For example, flint corn grows more readily in colder regions because it ripens in less time, and it is resistant to weevils. Flour, or soft, corn, on the other hand, was a favorite of the American Indians because the kernels contain mostly soft starch and are easily ground into flour, or meal, by hand.
Other types include dent corn, a high-yield variety that is commercially important. Each kernel has a characteristic dent at the top that results from uneven drying of hard and soft starch in the seed. Sweet corn and popcorn are what might be called fancy varieties. When a popcorn kernel is heated, the moisture inside expands, causing the kernel to explode, or pop, to some 30 times its original size. The sweetness that you taste in corn on the cob, or sweet corn, is due to its containing about twice as much sugar as other types.
It is also possible to obtain a combination of some of these qualities by means of hybrid seeds. For instance, one hybrid has a short growing time like flint corn but the eating quality of sweet corn. So a grower can select the type that suits his particular needs and circumstances. In fact, most of the corn produced today is grown in this way.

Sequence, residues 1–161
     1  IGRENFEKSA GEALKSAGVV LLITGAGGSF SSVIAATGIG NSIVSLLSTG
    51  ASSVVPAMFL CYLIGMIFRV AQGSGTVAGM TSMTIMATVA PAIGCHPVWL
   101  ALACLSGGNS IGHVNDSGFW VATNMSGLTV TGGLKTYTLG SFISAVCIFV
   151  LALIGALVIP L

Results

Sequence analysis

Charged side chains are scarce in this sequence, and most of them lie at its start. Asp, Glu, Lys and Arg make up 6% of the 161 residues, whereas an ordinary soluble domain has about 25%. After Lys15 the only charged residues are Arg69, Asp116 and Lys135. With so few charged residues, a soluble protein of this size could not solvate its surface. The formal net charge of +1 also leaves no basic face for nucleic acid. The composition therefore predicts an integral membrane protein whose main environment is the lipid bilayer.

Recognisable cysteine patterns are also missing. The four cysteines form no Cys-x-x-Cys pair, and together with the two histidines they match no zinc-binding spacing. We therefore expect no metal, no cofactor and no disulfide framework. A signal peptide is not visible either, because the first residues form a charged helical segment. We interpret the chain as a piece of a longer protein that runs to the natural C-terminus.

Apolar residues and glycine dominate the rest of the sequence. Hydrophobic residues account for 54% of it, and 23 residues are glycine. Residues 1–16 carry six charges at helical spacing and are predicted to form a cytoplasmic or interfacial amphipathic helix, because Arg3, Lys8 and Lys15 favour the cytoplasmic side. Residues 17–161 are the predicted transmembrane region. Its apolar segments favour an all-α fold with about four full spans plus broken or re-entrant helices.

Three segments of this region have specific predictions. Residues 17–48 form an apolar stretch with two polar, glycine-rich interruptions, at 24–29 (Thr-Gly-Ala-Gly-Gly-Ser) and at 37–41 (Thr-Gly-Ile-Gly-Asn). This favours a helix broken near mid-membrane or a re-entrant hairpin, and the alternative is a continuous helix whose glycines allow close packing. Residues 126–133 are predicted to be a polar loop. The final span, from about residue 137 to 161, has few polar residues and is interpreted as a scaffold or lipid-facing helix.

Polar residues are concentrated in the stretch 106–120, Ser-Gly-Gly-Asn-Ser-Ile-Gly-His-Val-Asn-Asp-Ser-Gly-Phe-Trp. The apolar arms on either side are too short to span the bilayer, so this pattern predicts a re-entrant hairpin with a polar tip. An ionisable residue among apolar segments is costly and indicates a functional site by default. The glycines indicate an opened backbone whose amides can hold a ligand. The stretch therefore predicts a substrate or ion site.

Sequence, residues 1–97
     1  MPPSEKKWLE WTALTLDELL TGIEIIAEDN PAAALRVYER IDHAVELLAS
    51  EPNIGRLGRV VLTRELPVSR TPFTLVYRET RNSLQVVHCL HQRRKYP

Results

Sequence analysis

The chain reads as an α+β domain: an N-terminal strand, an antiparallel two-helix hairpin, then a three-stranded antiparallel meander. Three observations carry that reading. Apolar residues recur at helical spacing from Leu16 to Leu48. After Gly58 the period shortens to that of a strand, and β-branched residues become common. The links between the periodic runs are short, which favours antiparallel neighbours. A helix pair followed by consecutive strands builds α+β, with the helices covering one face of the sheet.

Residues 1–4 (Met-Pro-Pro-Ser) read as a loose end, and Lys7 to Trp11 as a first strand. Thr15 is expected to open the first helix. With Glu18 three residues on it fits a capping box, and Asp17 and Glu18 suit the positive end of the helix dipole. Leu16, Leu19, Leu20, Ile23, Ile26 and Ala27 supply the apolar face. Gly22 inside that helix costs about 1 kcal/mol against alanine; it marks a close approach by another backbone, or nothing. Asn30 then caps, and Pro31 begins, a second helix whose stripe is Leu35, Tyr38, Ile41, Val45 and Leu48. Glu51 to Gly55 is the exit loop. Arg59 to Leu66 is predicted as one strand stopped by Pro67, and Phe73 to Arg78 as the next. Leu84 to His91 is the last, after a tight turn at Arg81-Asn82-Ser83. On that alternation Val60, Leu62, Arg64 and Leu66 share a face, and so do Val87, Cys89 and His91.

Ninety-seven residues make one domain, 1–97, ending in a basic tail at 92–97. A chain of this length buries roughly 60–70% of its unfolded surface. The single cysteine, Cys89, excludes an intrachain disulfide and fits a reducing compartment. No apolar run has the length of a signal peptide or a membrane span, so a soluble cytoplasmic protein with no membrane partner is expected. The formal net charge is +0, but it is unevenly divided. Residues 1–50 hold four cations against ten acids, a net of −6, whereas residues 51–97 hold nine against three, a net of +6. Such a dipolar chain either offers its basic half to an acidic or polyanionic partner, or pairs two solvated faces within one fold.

Food for Millions
A juicy ear of sweet corn, dripping with melted butter and flavored with salt is a treat hard to resist. Possibly it is one of your favorites. Or maybe you eat corn in the form of flakes, chips, mush, porridge, chowder or fritters. Perhaps you use cornmeal in baking bread, biscuits, tortillas, tamales or waffles. Most likely you also use corn oil, corn starch or corn syrup in a variety of foods. The fact is that corn, or maize, is used by millions of people around the world in a delightful variety of foods.
People who live exclusively on maize, however, are said to be particularly susceptible to pellagra, a disease marked by skin, intestinal and nervous disorders. This is because the protein in corn lacks some of the essential amino acids, or building blocks of proteins, and this deficiency, when prolonged, leads to the disease.